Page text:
Golang Function Timeout With Context

Golang Function Timeout With Context

Timeouts can be important for an application. It can limit how long is the maximum duration of a process. We can save resources by cancel further processes when timeout happened. We can use context to apply a timeout to a function call in Go.

To use context timeout for a function call we need to do these steps:

  • create a context with timeout
  • create a channel to flag if the function is completed
  • call the function in a goroutine
  • send a flag to the channel after the function is completed
  • wait which one happened first, context timeout or the function complete

One of the common usages of it is in middleware. It put a time limit for the handler process duration and will give an error response if timeout. So the client won’t wait for too long to get a response.

Context timeout in a middleware

The code below is a middlware to give timeout to handler process.

func processTimeout(h http.HandlerFunc, duration time.Duration) http.HandlerFunc {
    return func(w http.ResponseWriter, r *http.Request) {
        ctx, cancel := context.WithTimeout(r.Context(), duration)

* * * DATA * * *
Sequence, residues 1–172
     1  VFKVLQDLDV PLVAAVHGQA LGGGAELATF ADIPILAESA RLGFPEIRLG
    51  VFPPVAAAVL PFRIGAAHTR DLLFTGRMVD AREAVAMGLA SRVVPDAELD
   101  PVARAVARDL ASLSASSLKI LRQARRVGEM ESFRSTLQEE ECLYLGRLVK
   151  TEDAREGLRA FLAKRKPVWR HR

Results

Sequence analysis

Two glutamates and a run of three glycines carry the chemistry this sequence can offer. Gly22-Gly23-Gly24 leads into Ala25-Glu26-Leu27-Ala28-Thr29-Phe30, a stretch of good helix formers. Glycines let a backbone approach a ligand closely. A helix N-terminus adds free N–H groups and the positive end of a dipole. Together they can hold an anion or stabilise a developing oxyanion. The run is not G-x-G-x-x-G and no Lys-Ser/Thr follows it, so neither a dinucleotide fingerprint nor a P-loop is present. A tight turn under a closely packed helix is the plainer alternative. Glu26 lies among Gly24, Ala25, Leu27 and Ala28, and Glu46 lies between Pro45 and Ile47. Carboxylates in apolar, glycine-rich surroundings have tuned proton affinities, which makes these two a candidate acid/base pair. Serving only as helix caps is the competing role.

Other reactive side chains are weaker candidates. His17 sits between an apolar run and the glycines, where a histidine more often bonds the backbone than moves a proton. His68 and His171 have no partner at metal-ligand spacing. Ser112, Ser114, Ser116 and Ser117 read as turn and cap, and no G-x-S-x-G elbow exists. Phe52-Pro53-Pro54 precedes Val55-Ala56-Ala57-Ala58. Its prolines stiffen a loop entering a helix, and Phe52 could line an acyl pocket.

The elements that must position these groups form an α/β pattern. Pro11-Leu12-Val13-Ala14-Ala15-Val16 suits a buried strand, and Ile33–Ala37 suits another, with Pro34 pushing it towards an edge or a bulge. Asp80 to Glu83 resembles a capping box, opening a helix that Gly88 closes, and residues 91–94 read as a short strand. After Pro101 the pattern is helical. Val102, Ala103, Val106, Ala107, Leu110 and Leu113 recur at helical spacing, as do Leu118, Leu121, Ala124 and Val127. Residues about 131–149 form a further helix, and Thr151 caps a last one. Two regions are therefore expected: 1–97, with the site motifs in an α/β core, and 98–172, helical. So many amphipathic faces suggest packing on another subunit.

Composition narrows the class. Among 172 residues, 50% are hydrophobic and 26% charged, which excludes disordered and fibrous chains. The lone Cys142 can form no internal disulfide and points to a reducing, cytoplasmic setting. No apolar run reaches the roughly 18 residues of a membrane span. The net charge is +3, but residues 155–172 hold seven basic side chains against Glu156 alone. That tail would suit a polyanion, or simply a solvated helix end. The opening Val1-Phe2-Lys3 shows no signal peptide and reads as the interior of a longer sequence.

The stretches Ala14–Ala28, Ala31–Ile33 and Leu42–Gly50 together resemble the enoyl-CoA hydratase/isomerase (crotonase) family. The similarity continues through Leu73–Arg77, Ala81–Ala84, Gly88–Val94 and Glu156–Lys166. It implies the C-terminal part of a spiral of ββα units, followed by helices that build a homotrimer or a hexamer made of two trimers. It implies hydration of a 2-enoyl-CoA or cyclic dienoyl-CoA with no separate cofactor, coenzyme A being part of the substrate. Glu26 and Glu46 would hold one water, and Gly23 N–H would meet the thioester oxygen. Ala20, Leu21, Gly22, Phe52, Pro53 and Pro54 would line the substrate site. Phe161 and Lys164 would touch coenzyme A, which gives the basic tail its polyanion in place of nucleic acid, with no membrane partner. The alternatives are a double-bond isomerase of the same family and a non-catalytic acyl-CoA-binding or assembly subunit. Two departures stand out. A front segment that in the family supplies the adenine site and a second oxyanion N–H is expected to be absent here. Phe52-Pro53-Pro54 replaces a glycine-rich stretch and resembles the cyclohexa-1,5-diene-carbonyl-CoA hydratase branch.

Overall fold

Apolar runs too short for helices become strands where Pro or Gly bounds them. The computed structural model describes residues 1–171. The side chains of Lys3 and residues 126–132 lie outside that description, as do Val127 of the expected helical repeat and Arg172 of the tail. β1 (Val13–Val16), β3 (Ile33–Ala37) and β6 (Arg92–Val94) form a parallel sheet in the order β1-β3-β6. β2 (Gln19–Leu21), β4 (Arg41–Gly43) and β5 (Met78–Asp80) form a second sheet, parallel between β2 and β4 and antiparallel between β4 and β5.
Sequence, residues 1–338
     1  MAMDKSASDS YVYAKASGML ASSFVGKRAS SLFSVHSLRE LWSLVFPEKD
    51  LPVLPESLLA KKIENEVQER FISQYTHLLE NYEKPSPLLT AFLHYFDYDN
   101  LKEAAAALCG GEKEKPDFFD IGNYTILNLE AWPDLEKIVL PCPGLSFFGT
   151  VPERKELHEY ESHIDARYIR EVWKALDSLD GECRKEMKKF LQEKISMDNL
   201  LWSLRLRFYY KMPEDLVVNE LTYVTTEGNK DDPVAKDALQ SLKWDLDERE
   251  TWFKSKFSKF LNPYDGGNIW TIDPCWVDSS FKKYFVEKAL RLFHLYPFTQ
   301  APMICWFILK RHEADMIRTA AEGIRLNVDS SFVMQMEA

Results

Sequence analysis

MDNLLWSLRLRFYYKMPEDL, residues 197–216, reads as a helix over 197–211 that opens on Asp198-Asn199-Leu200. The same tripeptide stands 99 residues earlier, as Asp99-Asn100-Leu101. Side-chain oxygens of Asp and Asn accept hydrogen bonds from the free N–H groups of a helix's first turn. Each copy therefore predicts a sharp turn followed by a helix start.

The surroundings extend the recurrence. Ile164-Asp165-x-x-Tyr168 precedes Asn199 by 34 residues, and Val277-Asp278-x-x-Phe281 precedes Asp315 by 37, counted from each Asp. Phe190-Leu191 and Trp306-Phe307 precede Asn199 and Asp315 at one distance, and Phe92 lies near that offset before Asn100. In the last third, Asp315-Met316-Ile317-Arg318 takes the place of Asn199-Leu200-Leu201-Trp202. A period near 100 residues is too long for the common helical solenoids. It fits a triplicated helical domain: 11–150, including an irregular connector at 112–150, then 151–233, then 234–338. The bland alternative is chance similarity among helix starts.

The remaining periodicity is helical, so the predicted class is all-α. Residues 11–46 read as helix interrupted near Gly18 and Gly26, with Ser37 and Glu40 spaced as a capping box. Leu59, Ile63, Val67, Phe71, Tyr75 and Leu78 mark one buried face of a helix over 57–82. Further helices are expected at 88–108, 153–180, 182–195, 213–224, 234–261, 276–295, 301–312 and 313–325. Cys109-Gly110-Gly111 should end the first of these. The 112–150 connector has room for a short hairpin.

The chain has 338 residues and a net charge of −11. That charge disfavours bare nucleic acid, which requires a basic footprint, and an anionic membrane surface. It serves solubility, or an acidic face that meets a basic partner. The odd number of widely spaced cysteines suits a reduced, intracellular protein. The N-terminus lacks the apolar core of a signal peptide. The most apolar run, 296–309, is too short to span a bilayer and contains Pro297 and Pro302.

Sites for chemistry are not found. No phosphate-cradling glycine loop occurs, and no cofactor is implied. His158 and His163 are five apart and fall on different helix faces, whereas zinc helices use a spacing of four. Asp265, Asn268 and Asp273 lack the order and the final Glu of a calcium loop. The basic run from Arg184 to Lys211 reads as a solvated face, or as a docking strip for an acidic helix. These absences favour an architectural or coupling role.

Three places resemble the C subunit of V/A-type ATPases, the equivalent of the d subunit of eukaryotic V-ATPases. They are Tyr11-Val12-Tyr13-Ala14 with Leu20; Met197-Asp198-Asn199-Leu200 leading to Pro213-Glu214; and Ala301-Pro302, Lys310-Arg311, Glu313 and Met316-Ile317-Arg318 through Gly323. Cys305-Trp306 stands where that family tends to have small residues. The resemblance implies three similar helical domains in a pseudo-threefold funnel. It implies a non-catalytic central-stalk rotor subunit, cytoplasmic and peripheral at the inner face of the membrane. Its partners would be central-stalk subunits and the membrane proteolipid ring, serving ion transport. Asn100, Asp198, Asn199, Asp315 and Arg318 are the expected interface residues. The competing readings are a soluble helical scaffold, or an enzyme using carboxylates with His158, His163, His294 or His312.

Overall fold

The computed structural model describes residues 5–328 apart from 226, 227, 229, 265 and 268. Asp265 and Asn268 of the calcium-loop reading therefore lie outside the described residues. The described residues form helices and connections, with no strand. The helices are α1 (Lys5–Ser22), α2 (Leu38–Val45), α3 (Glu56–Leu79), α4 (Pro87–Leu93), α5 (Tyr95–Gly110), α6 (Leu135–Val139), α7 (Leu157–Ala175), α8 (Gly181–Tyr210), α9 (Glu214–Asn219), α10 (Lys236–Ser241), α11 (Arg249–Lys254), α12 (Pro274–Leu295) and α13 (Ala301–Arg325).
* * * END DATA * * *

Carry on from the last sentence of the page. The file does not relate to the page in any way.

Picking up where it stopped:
defer cancel()

        r = r.WithContext(ctx)

        processDone := make(chan bool)
        go func() {
            h(w, r)
            processDone <- true

        select {
        case <-ctx.Done():
            w.Write([]byte(`{"error": "process timeout"}`))
        case <-processDone:
To use the middleware
http.HandleFunc("/get_cities", processTimeout(myHttpHandler, 5*time.Second))

On line 3 we create a new context with a timeout duration and then create a new http.Request with the context on line 6. This http.Request is the one that will be used in the handler. On line 8 we create a channel to flag if the handler process is complete.

We call the handler in a goroutine function and send a flag to the channel after the process is done. Because the handler execution is in a goroutine, the execution will continue without waiting for the handler to finish. Then we block it with a select statement to wait for which event happened first, context timeout, or handler process done. If context timeout before handler is done, we will give an error response to the client.

The context timeout not only can be handled on the middleware but also inside the handler. You can detect if the context is done and stop the execution. One example of the use-case is to use context from http.Request on sql query execution. With the context, we can stop the process because we already give an error response to the client. So continuing the process after context timeout is pointless. Unless in some case where you want to continue the process without the client know the result immediately.


Golang context has timeout that we can use for a time limit for a function call. We can use it in middleware to limit the duration of the handler process. The handler can also use the timeout to stop continuing the process. By doing this, we can save our precious resources to handle other processes.

See also

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